Now that I’m free of final exams – and not a small amount of unpacking – I can write a bit again!  To start, about three weeks ago this got published.  It’s the first of two pieces I was asked to do for Make’s 3D Thursday series, and I was excited to share what we’ve learned from running that many machines with such a high throughput at the Invention Studio.  The second piece should be up in a few more hours, and covers a bit of a different subject.  Additionally, I hope to have another big post on what I’ve been doing with the printer-formerly-known-as-HPRINT online soon.

In the first piece I wrote, I got some comments regarding what I believed to be oversights and deficiencies in the design of MendelMax-style printers.  Without further ado, here’s a list of the aforementioned issues:

  • Insufficient Constraints: In some design variants mechanisms are left underconstrained and are able to move excessively, causing artifacts to occur in prints.  Some machines have under constrained Z-Axis screws, while others may have under constrained X-Axis carriages and beds.  Taking care to ensure sufficient constraints exist on a machine is critical to keeping undesired movement from occurring, impacting print quality.  In MendelMax designs, it’s usually the Z-Axis screws that have this issue.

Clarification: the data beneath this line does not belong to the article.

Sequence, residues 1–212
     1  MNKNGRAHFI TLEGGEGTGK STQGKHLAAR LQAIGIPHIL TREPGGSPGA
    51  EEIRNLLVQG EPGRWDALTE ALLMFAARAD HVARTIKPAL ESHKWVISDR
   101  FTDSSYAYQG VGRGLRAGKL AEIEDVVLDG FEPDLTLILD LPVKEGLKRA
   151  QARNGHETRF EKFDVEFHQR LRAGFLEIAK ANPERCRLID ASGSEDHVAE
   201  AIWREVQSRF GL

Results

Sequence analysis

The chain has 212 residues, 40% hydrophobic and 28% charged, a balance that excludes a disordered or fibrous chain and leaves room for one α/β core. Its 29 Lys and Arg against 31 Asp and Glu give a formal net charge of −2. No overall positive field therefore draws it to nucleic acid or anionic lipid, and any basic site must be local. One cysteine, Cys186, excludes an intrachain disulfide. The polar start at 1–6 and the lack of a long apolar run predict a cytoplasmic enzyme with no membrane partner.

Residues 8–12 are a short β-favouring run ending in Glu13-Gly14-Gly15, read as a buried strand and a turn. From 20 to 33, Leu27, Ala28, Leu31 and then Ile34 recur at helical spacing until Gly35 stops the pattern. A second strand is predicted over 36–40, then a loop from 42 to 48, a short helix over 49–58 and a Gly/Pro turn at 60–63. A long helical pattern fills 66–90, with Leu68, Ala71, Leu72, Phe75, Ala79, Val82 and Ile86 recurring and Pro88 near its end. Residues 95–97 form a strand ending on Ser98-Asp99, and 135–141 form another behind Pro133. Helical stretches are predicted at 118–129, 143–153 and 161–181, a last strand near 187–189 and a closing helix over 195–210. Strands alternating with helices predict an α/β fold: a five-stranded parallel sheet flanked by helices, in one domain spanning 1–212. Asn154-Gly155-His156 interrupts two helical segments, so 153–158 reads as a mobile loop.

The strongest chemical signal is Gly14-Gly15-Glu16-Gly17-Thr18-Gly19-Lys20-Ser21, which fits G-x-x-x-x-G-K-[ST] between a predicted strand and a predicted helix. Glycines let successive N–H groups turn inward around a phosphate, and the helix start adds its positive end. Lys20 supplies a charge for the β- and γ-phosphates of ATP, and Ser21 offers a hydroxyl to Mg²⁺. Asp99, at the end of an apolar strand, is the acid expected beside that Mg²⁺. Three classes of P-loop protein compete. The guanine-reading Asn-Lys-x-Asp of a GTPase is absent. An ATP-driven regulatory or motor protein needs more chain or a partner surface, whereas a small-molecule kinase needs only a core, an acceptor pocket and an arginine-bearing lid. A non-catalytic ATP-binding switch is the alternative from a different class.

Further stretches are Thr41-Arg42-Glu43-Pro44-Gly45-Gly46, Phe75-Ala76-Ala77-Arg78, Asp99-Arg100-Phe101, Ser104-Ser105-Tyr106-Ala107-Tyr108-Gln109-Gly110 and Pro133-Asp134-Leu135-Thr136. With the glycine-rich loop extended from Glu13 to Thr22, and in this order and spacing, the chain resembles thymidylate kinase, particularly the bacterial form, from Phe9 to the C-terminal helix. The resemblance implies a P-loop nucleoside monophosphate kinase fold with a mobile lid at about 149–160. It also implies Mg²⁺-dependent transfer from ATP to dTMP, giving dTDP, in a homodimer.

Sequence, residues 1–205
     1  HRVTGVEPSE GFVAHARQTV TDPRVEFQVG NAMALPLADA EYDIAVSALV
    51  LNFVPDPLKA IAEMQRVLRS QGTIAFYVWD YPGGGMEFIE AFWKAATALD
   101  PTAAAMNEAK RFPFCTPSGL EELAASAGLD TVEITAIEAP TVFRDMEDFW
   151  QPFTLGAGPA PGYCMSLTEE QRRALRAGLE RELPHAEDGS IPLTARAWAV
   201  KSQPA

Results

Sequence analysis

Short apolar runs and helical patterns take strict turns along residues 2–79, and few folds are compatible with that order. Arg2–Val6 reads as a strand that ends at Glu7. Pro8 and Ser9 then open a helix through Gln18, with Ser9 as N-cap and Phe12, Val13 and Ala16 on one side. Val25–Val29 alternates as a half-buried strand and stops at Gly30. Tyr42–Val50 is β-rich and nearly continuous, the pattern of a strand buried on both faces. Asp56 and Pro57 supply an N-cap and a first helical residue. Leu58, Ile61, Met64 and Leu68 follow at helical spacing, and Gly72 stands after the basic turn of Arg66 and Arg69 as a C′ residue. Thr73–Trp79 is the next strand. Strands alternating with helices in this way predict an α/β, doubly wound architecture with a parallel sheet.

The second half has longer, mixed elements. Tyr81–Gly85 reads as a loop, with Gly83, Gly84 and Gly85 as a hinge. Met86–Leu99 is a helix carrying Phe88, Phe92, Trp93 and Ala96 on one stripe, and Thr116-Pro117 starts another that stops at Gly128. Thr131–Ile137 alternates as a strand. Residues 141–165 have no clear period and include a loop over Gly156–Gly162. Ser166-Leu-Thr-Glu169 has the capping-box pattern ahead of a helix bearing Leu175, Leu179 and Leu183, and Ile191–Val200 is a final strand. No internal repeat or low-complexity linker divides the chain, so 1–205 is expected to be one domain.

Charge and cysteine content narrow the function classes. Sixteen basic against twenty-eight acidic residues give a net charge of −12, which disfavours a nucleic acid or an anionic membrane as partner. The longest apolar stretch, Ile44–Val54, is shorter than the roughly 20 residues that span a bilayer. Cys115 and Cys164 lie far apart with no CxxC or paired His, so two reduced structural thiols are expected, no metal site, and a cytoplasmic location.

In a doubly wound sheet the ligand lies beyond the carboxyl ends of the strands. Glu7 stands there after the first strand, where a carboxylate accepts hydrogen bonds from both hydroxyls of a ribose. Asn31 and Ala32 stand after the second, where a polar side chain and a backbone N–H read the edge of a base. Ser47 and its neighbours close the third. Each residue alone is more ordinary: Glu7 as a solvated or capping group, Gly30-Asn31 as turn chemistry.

• Excessive Constraints: In other cases, MendelMax variants were made with care to avoid issues that arise from insufficient constraints and instead went too far.  More than three constraining features is usually excessive for a plane, particularly if two are hard constraints with no allowance for movement and the third is able to make up the difference with a small degree of movement.  This can get tricky because you can have more than three constraints, and they can all be capable of small amounts of movement or deformation individually;  care must be taken to only allow this movement in certain directions which are irrelevant to the positional accuracy of an assembly.  Most often, this pops up in having too many bushings, bearings, shafts, and very occasionally nuts or bolts.
    In MendelMax designs, this can occur in all of the above areas depending on the machine; in AO-101s, I believe some of the issue crops up most frequently in the nuts for the z-axis screws and the leveling screws for the bed.